"A ghost a day" is trucking along. This cold afternoon, I found a graveyard of century-old doors, stacked up in the courtyard. The doors were splintered, paint-stripped, white, brown, speckled, mottled. The crystal doorknobs were stripped.
When they were young, the doors covered rooms full of stories but now they stand outside, memorials to workers who came and went, got married, moved, had children, and died, here in Harsenville, in this building, 120 units, generations over and over again, full of hope with New York City in their eyes.
The sounds have walls; the walls had doors but now the music evaporates into the early Spring night. The bassoon player and the soprano are gone, replaced by a man who coughs his guts out every morning and a couple who scream at each other, go quiet and scream again. The windows are old and porous. The ceilings ping the sound back to the walls.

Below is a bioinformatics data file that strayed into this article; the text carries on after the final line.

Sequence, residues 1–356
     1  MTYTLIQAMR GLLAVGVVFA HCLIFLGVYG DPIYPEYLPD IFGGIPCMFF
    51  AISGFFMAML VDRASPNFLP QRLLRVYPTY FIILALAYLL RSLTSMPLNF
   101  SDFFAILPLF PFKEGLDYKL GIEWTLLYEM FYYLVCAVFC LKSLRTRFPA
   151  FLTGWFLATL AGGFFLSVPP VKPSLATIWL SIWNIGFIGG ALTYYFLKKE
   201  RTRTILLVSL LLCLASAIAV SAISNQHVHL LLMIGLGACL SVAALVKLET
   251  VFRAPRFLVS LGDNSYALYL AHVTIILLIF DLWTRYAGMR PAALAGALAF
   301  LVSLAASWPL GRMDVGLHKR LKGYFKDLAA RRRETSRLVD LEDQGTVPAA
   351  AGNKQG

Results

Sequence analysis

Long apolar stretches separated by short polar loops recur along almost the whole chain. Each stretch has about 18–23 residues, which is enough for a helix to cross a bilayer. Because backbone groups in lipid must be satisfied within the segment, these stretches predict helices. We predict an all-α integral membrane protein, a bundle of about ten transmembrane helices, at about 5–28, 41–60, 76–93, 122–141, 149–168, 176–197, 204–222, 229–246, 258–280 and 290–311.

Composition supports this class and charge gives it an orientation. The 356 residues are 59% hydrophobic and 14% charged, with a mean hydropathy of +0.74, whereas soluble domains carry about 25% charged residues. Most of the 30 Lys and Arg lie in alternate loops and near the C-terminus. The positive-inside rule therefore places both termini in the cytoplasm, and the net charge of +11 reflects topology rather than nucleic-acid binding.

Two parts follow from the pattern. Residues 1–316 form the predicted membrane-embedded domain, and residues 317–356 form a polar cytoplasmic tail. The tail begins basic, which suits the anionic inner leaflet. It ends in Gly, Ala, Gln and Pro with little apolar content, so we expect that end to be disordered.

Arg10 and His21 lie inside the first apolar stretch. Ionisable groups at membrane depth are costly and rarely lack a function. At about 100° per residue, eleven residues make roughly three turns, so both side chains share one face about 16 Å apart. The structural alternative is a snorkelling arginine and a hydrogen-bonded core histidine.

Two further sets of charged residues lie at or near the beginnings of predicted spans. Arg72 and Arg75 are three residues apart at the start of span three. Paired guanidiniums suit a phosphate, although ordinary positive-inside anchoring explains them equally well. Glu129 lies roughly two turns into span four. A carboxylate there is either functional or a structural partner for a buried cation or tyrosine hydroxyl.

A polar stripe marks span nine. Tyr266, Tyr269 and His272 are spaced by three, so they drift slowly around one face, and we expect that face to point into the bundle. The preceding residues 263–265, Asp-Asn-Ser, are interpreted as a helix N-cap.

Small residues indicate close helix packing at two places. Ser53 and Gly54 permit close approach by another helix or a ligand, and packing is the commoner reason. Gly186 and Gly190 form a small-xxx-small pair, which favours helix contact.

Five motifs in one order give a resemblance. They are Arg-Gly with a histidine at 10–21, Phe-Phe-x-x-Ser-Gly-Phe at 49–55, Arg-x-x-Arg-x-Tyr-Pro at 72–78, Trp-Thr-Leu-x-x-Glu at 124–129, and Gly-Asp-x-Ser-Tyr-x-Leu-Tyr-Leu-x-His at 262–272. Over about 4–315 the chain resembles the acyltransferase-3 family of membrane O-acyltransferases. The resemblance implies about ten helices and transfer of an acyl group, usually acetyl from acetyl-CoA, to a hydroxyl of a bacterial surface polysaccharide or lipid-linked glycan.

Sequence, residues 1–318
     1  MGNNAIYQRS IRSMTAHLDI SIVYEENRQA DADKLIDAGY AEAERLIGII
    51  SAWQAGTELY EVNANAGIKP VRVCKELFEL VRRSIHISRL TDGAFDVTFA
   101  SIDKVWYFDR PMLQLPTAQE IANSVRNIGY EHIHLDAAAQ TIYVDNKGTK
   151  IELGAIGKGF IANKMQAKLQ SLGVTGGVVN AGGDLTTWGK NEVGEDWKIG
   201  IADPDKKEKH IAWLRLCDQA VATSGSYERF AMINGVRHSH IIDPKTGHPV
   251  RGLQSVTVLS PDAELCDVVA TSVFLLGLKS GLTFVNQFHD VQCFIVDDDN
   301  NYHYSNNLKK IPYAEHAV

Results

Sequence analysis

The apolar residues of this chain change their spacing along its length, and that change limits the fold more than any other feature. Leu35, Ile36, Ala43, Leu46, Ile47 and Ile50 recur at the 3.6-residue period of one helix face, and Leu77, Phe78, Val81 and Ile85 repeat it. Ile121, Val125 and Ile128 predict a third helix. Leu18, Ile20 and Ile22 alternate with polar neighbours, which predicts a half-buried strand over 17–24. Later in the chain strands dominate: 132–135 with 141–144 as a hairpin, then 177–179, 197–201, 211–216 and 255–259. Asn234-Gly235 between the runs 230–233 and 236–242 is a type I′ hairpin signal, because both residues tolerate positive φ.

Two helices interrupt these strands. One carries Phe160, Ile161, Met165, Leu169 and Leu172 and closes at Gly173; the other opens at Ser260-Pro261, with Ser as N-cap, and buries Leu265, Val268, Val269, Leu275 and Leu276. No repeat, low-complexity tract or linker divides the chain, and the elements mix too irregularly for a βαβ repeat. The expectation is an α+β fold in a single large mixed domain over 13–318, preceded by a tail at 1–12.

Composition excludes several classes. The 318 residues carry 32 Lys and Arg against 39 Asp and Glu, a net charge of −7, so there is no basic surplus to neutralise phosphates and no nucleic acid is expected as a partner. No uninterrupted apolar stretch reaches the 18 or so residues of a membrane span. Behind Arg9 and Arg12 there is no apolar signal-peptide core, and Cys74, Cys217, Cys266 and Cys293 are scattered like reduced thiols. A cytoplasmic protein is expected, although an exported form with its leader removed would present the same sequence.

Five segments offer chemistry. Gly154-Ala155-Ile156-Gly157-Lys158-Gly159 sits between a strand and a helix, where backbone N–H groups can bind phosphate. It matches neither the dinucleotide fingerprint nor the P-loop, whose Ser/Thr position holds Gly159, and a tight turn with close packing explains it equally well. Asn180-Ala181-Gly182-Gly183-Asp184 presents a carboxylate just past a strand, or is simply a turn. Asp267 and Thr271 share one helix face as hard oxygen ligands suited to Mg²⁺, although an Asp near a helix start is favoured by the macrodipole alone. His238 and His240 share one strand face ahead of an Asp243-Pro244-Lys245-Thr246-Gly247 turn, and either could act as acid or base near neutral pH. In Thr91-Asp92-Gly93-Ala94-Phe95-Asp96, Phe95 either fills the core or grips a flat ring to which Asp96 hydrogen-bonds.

Every morning Mr. B. trudges up seven flights of stairs singing a song in his robust, bass voice. You can set your clock by him. He is not a ghost and his song does not linger. But somewhere, in the depth of the building, are snatches of songs sung by boys who died too early of AIDS in the time when no drugs could prolong life. They laughed and their voices hang in the air around the laundry room and their jokes stick to the walls like old glue.
The hall in the basement is long and dark and winding. One door goes to the boiler room, one to the workroom, one to another corridor that I have never been down. Silent footsteps go down the long hallway, past a door that guards the room that for 30 years I have never seen. Quiet, quiet, all is quiet in this land of discovery without doors.